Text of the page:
LDMOS 300 includes an N-type drift region 342 and a center N + drain region 348B surrounded by gate 355 disposed over gate dielectric layer 362. In a preferred embodiment, a dedicated implant is used to form the drift region 342 to match its doping profile for the optimized performance of the LDMOS 300. In another embodiment, an N-type well shared with another CMOS device may replace the dedicated drift region 342 to compromise the performance of the LDMOS 300 but reduce the processing cost.

Gate 355 overlaps a portion of drift region 342 and is surrounded by N + source region 348A and P + body contact region 347. P-type well 343, preferably comprising a boron chain implanted region having a non-Gaussian or non-forged doping concentration profile, underlaps gate 355 and forms the body region of LDMOS 300. The P-type well 343 may comprise a non-forged doping profile that includes at least an upper portion 343A and a lower portion 343B or any number of regions including implants that vary in energy and dose. Lower portion 343B of P-type well 343 preferably includes a higher doping concentration than upper portion 465A of P-type well 343. In the embodiment shown in FIG. 2, the ends of the P-type well 343 are laterally spaced from the drift region 342. As a result, the channel of LDMOS 300 determines the stronger concentration and avalanche breakdown voltage of P-type well 343 that sets the threshold voltage of LDMOS 300 and prevents punch-through breakdown, It has two weaker concentrations of doping in the region 341B that affects the ionization of 300. In another embodiment, the P-type well 343 abuts the drift region 342, in which case the channel of the LDMOS 300 has a single doping concentration equal to the doping concentration of the P_type well 343.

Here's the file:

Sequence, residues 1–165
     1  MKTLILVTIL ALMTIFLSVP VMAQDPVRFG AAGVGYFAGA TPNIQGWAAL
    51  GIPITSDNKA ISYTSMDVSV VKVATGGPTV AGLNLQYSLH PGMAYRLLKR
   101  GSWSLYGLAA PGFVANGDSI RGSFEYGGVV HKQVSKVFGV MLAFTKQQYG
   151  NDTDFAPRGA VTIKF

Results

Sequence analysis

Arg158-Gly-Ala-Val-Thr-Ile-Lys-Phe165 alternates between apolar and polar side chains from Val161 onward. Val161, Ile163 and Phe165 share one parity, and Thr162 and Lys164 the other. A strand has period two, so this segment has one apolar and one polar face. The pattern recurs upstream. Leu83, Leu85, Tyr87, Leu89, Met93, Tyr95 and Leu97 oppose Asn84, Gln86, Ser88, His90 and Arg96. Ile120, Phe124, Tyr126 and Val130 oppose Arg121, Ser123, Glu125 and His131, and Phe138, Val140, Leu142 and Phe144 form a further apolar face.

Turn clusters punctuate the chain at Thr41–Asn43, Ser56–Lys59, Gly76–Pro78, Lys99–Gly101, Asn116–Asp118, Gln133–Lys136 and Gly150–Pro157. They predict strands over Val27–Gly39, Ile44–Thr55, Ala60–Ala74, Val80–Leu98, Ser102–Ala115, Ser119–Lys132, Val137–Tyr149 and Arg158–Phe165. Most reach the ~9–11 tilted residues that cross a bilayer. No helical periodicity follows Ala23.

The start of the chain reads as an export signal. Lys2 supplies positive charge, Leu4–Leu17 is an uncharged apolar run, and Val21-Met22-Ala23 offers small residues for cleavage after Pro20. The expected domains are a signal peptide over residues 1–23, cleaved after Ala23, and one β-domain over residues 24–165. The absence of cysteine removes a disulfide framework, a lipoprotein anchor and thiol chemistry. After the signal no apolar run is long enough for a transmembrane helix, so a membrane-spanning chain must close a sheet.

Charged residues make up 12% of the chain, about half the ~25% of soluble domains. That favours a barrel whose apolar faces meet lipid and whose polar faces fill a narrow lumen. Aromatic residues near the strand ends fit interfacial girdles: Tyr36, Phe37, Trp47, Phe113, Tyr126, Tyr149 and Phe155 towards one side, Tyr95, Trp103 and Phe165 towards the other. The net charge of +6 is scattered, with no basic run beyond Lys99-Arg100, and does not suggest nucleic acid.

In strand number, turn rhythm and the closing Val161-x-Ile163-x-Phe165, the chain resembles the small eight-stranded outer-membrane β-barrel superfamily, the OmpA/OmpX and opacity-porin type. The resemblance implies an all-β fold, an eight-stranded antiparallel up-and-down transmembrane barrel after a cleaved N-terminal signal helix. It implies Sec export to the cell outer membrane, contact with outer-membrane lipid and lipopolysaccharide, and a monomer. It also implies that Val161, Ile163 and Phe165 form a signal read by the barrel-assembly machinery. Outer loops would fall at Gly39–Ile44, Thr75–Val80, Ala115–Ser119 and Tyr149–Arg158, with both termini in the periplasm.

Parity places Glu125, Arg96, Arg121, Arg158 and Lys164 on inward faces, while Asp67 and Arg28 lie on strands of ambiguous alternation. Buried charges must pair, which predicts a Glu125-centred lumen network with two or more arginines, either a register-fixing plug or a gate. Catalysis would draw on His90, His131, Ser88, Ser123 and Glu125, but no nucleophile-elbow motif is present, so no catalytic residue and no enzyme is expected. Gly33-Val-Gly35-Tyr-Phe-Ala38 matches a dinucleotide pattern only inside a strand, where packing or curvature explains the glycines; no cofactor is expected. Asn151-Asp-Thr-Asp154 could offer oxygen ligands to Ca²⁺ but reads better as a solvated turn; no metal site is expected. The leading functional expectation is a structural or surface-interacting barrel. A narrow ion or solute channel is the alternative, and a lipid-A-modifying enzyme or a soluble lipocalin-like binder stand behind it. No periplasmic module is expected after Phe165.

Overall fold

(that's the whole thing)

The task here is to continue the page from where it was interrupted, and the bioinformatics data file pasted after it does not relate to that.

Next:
Drift region 342 is partially disposed below STI structure 346, ie, a shallow trench filled with silicon oxide. One benefit of including the STI 346 over the drift region 345 is that the net integrated charge of the drift region 342 under the STI 346 is reduced because the dopant is removed during the formation of the trench. The net integrated charge of the drift region 342 measured in units of atoms / cm 2 , ie, the dopant concentration of the drift region 342 from the silicon oxide interfaced to the bottom of the STI 346 to the bottom of the drift region 342. Integral.

Figure 112010061543015-pct00001

The variable α represents the percentage of the settling charge implanted in the drift region 342 remaining after the formation of the STI 346, that is, the dopant that is not removed by etching of the trench holding the STI 346. The reduced charge causes a reduction in the surface electric field below the gate 355 and with respect to the field plate effect of the gate 355 and reduces the risk of impact ionization and hot carrier damage.